Research out of the University of Arizona suggests that naps may help toddlers learn new words.
The findings, which will be published in the journal Child Development, suggest that parents may want to consider maintaining regular naptimes for preschoolers, who are at an age at which naps have a tendency to dwindle, said lead study author and UA alumna Michelle Sandoval, who conducted the research as a doctoral student in the UA Department of Psychology.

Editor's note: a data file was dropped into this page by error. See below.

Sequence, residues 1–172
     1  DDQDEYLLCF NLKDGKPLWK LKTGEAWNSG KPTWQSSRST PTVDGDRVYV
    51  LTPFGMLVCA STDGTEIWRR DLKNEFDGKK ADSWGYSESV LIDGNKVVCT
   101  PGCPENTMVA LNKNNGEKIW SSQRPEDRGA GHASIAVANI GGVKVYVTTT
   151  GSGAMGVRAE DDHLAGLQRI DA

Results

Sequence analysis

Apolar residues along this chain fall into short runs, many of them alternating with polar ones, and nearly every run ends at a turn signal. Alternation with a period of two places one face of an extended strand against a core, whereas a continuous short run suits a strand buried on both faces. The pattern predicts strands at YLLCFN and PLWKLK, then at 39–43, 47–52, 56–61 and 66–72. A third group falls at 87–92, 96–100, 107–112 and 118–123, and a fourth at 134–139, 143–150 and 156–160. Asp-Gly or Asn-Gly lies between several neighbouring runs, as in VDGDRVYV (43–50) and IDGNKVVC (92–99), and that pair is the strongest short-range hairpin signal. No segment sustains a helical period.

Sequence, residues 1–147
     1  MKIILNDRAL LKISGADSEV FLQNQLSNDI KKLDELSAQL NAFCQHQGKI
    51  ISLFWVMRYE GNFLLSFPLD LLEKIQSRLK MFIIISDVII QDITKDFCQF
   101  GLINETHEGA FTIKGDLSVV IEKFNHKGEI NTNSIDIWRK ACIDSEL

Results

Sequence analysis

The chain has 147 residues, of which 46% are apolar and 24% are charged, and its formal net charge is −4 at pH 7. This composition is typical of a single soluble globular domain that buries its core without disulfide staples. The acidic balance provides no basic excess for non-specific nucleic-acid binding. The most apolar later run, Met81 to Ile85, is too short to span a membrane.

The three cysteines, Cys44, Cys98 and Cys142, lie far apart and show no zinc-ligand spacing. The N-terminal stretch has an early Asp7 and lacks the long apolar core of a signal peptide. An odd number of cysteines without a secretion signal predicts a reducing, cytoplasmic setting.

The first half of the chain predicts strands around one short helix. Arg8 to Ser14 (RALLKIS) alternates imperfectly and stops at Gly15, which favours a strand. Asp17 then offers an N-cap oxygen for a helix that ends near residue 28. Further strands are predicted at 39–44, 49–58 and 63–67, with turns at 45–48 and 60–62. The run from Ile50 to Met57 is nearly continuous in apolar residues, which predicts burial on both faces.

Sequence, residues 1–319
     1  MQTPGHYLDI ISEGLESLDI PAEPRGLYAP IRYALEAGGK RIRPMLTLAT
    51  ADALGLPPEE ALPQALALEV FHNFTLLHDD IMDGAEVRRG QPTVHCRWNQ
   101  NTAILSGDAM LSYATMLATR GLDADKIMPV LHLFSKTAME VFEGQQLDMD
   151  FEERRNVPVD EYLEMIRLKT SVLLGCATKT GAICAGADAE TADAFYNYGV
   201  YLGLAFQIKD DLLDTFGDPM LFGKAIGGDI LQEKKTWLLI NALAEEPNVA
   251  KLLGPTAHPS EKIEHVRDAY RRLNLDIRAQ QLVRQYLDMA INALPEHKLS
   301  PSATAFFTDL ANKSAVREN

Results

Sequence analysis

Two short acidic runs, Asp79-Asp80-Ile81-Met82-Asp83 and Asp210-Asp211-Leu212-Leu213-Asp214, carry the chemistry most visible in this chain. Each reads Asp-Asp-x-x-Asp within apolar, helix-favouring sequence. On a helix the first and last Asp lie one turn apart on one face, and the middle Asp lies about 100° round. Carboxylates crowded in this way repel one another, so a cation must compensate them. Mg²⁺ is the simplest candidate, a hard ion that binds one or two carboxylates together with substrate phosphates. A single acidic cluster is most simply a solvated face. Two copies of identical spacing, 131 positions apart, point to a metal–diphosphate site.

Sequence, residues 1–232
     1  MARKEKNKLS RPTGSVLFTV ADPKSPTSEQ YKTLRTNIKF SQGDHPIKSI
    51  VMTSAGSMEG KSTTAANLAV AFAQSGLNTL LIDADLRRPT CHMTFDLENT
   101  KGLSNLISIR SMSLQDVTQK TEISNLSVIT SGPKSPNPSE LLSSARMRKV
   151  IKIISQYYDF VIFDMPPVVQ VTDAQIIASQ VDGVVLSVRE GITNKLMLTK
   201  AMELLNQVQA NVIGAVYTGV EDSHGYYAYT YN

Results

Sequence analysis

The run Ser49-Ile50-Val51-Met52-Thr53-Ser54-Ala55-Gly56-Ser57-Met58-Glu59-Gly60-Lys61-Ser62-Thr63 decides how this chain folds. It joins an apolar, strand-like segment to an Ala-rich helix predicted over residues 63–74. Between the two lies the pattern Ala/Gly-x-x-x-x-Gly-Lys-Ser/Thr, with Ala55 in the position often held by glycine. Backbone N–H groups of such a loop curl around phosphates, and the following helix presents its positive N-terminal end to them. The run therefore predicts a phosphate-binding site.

Sandoval and her colleagues tested 39 typically developing 3-year-olds, divided into two groups: habitual nappers (those who nap four or more days a week) and non-habitual nappers (those who nap three or fewer days per week). Within each group, children were randomly assigned to either a napping condition, in which they would nap for at least 30 minutes after learning a new verb, or a wakefulness condition, in which they would not nap after learning.
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